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Showing posts from July, 2017

CULTURE: Tarragona's Roman Amphitheatre

Post 228. Written by Ben Kesp. 

Located in Tarragona, the beautiful old port city in the northeast of Spain or Tarraco as it was formally known during the Roman period, sits a Roman amphitheatre. The oval shaped amphitheatre was constructed in the 2nd century and could accommodate up to 15,000 spectators in addition to its position offering magnificent views overlooking the Mediterranean Sea
But the history of the amphitheatre was not only for sport. During the persecution of Christians in 2nd/3rd centuries, the Emperor Valerian had the city’s bishop, Fructuosus and his two deacons burned alive within the grounds of the site. 
Unusual for a site like this, you can also find the remains of a 6th century Visigoth Basilica, built following the rise of Christianity when the site was left abandoned. The site was abandoned again following the Islamic invasion of Spain until the 12th century which followed with the construction of the mediaeval Santa Maria del Miracle or Our Lady of Miracl…

HIST & MYTH: The Dagda - Father God Figure

Post 227. Written by Ben Kesp. 

Of all the Irish deities making up the pantheon of gods, the Dagda is seen as the most powerful and omnicompetent, unlike his counterparts who are often limited in their abilities.
What I found interesting on my research of the Dagda is his role when it came to the introduction of Christianity. Ireland’s culture and belief systems have been very insular due to its isolation from mainland Europe and its strong ties with its former pagan culture. The development of the Irish church intertwined and fused the old pagan beliefs into the new religion with many crossovers with the gods of old. It appears to have been easier to Christianise and bestow saint hood on former gods than to have them removed altogether. All of the old pagan customs and rituals were based on earth’s seasonal cycles of the year and each is attributed to a related god, so as the seasons impacted the people, so did the god.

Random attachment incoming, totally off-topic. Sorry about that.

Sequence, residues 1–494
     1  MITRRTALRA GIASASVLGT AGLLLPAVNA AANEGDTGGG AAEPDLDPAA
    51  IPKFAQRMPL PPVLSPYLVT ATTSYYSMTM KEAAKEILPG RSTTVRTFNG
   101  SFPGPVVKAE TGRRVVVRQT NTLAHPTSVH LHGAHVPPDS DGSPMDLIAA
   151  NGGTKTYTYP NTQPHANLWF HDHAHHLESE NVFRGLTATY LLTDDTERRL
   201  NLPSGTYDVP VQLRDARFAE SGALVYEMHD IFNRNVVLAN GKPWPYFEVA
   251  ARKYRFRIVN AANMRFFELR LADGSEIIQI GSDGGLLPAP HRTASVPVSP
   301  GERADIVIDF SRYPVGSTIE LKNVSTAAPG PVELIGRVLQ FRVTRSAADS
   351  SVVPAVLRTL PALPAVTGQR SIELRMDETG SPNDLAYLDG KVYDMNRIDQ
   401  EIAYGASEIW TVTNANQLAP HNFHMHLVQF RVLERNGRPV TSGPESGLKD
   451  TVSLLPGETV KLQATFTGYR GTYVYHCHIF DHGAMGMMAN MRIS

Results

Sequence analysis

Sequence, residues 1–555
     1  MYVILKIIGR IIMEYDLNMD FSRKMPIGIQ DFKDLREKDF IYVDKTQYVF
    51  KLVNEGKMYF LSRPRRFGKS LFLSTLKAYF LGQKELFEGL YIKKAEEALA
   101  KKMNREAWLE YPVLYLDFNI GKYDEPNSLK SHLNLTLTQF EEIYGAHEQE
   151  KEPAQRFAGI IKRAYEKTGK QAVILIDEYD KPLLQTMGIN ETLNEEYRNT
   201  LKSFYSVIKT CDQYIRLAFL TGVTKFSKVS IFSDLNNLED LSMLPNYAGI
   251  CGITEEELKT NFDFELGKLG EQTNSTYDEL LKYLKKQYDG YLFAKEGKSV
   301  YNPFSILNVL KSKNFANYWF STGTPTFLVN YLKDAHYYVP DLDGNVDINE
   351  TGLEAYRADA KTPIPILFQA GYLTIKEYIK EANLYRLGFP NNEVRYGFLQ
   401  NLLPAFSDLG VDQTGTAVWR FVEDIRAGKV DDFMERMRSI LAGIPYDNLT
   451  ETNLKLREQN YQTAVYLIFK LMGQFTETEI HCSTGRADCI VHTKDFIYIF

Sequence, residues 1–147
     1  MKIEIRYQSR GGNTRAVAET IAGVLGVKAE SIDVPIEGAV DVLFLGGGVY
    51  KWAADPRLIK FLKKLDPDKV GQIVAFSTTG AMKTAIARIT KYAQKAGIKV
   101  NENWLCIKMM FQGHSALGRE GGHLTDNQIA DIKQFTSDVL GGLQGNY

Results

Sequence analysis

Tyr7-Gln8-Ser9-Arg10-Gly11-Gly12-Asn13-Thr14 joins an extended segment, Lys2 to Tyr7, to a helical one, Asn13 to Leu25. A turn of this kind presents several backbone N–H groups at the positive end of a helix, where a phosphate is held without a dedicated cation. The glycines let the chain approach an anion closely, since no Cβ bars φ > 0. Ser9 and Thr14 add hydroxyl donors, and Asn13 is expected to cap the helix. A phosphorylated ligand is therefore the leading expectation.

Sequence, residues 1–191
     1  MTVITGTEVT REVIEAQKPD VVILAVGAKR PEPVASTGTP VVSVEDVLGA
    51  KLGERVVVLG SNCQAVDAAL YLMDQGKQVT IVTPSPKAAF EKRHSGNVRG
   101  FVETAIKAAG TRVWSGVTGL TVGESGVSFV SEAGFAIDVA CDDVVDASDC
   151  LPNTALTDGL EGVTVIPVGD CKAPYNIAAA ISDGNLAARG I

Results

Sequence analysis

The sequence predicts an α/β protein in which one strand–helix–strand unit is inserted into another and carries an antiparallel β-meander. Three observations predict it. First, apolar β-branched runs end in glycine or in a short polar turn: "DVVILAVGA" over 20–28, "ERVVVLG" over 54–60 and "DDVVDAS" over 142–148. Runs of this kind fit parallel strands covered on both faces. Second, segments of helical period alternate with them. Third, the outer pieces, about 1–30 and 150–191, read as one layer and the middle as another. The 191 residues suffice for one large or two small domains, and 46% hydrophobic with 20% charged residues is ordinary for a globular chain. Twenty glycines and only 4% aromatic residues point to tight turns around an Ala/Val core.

The pagan Irish gods of old came from the “Otherworld” however w…

CULTURE: Meteora - Monasteries on Rock Pillars

Post 226. Written by Ben Kesp. 

The first thing that struck me on sighting the Greek monasteries perched high on the Meteora rock pillars was the sheer height and extremes that the builders of these beautiful monasteries went to. It was pure dedication and devotion to God along with the isolation of the mountain tops that offered a spiritual and mystical sanctuary. 
Meteora which means “the middle of the sky” is a formation of massive monolithic pillars which I believe can only be truly enjoyed from the monasteries themselves. On reaching the beautiful buildings resting peacefully on their lofty platforms, the view is impressive beyond words. Casting my eyes over the serene beauty of the Greek landscape spreading out before me, it is easy to understand the attraction for the monks, bringing them one step closer to God. 
The rocks reach a height of 1,200 ft (400m) and where there was once twenty-four Eastern Orthodox monasteries, now sits six, mostly dating from the 14th to 16th centuri…

CULTURE: Montmartre - Bohemian District of Paris

Post 225 

Guest Post by MikeH
In 2006 I had a wonderful experience that left me with an everlasting memory. This fond moment occurred in Montmartre, in the north of the city of Paris. The place itself added to the moment because of its charm and bohemian character. To this day, Montmartre holds its distinct individual character despite having been swallowed by the city. As you wander around its hilly streets, it makes you believe that you are walking around a country village! 
On visiting Paris recently, I had the great opportunity to revisit this charming district, exploring it in more detail and I realized this is a world apart from the rest of the city! Montmartre has captivated Bohemian artists since the Belle Époque (Period of Western European History) and continues to delight tourists today. The whole area has a unique ambience. Joie de vivre is everywhere: merry-go-rounds, quaint sidewalk cafés, and impromptu street performances. Not only is it a touristic area, it has also been…